I wake up at night and the moon and the stars illuminate the sky and the distant mountains.
I start walking at dawn and reach 4,600 meters to go down to the abandoned Miñauyo camp.
From here I keep going up the valley and during that day I don’t see anyone. Four condors fly very close to me checking what I am. Some cows drink water from the lake and around me there are mountains of fantastic reddish, yellow and green colors of minerals that have been mined since ancient times. It is a truly magical moment!
I make stops from time to time to recover from walking at this altitude, and finally I reach 5000 meters, quite tired! After a while, I arrive at the Cerati Pass (5,200m), access to the Valley of the Volcanoes, from where you can see the “Nevado Coropuna” in the distance. Magnificent!
I go down to the town of Chachas through a very long, tedious and dusty road. If there is a more direct path, I cannot find it. Some black bulls look at me frowning and I decide not to take any shortcut.
It gets dark, I camp in a more or less flat field. The pegs won’t stick, my jacket got wet, my stove pump broke (who says MSR is a good brand ?!) and I have cactus spines stuck all over my backpack. Tomorrow will be a new day!
Day 4: Chachas (rest day)
I spend half an hour crossing several “chackras” to finally reach Chachas. I see a very busy courtyard and I find several men working preparing a lot of food to celebrate Miner’s Day, December 5.
They invite me to breakfast and tell me that there are parties in town: soccer, “cockfighting” and “dancing.” I decide to take a day off.
As soon as I get to the room, I see this poster and I hallucinate: “Chachas, the pearl of Castilla”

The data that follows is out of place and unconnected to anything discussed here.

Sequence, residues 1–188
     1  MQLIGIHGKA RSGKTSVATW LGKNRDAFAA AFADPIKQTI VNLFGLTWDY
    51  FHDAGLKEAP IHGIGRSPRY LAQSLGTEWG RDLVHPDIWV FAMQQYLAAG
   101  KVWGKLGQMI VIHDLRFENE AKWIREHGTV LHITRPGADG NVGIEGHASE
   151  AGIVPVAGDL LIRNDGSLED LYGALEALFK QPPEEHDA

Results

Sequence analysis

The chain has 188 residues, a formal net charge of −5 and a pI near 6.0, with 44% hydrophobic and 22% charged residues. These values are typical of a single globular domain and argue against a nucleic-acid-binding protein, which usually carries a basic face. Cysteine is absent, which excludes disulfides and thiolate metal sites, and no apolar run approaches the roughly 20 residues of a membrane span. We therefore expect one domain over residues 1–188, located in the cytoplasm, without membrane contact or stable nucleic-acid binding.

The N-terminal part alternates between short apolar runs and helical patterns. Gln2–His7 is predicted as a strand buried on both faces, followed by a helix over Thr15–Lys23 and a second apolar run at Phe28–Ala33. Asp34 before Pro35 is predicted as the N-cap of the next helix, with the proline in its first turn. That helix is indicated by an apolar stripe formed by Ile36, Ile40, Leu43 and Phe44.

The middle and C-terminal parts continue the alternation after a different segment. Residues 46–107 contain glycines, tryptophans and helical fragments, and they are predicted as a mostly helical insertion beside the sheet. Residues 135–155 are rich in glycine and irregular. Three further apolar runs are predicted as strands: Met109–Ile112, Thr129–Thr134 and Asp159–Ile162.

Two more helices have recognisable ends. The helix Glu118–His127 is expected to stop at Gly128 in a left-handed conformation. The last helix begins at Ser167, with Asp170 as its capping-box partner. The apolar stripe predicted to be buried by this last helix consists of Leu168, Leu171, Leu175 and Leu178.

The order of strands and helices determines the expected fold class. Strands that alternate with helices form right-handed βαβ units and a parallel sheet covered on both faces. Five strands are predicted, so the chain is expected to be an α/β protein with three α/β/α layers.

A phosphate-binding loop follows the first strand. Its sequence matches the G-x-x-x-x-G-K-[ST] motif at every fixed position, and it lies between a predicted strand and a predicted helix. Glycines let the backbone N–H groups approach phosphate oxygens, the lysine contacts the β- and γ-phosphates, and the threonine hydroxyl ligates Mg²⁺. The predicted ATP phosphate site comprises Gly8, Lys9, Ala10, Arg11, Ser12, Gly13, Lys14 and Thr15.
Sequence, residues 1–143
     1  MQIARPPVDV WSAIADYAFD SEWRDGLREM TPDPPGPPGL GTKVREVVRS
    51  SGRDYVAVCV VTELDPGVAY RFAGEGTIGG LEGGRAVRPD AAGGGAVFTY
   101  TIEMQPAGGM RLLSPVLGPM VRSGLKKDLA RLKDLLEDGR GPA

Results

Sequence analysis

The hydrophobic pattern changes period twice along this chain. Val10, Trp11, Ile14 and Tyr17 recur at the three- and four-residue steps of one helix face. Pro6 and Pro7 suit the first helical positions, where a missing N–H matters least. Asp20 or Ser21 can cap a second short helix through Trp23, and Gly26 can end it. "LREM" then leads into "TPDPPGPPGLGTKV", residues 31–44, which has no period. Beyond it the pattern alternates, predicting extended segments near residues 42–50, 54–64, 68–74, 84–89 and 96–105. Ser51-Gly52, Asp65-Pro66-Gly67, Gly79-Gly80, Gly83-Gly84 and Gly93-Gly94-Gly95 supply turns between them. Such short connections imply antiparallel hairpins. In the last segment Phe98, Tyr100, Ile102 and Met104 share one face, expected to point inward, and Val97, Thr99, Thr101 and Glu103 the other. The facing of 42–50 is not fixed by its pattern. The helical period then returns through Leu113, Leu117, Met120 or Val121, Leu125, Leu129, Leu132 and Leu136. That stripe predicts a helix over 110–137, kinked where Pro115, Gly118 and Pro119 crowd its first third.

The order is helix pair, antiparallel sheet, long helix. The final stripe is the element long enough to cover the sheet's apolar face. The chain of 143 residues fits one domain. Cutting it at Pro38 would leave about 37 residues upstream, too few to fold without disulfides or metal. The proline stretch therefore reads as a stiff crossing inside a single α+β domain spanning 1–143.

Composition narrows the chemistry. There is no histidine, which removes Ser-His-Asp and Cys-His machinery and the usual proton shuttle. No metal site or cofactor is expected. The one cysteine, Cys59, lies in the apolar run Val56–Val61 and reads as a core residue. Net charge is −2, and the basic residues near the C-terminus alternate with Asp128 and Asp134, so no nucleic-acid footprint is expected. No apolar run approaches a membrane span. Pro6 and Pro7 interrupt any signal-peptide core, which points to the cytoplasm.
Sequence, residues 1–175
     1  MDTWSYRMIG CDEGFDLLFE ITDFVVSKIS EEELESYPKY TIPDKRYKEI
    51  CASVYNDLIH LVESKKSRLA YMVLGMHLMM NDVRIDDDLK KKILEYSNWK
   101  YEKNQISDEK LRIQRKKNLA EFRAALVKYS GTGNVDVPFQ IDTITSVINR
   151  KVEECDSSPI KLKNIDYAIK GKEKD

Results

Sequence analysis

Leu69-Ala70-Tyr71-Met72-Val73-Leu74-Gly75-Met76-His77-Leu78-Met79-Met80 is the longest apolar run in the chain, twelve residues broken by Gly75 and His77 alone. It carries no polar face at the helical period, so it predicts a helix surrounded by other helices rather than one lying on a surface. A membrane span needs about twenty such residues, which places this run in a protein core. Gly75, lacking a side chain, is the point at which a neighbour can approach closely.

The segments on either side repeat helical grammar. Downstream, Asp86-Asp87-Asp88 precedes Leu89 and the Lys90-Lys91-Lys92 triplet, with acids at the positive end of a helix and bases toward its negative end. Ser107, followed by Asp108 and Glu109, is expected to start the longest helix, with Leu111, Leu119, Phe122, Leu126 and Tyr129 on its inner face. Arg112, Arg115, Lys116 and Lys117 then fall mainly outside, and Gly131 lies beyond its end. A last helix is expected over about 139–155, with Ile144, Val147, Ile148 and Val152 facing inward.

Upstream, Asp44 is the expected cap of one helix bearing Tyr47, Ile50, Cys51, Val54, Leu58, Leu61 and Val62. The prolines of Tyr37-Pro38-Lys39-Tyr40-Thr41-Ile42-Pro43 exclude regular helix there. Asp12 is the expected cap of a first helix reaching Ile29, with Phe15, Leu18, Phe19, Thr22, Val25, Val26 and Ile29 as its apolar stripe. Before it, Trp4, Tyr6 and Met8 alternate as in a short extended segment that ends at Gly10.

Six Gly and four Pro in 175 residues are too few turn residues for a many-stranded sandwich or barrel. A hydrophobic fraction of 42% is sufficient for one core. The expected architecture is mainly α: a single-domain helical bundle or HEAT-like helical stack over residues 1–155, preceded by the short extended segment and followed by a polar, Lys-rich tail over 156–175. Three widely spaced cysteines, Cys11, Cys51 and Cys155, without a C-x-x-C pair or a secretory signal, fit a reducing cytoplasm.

It turns out that without knowing it, I have arrived in Castilla! Here they do cockfights and bullfights (without killing the bull). They are more Castilian here than in Spain!
|The weighting of roosters before the “fight”|
Day 5: From Chachas to Andagua (14.3 km, + 600m)
I go out early in the morning to avoid the heat and some peasants invite me to a glass of “chicha”, the Andean beer made from fermented corn, which they have inside a 12-liter gasoline drum. This one is superb! Before drinking you should always throw a little chicha on the ground for the Pachamama.
I cross the river that ends at Lake Chachas and after an hour’s walk I take a shortcut that deviates to the right of the path, following some tracks on blackish sand. The path is incredible, crossing old lava flows of different textures and shapes and surrounded by tall cylindrical cacti.
After 4 hours of walking, I see the “twin volcanoes”, the entrance to the town of Andagua and the end of this five-day adventure, which I really loved!
A bit of relaxation in Mollendo
What I like the most is the swell, with quite large waves that roll you over the ground. Groups of Peruvians who do not know how to swim that much help each other not to fall when a big wave comes, while those who can swim jump a little further on. It’s like being a kid again on a summer day at the beach!